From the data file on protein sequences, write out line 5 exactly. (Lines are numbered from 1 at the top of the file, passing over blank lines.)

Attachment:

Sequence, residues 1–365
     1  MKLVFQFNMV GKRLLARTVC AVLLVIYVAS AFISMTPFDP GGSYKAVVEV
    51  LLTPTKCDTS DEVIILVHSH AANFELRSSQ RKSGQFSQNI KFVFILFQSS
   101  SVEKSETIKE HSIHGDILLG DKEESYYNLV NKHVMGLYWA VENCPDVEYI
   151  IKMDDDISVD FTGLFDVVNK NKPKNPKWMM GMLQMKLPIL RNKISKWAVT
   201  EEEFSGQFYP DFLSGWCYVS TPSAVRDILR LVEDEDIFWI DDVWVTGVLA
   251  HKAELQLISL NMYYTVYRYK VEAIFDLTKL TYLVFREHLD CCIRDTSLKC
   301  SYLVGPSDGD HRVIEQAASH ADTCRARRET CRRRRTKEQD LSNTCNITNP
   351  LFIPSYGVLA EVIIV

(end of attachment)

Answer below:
   151  IKMDDDISVD FTGLFDVVNK NKPKNPKWMM GMLQMKLPIL RNKISKWAVT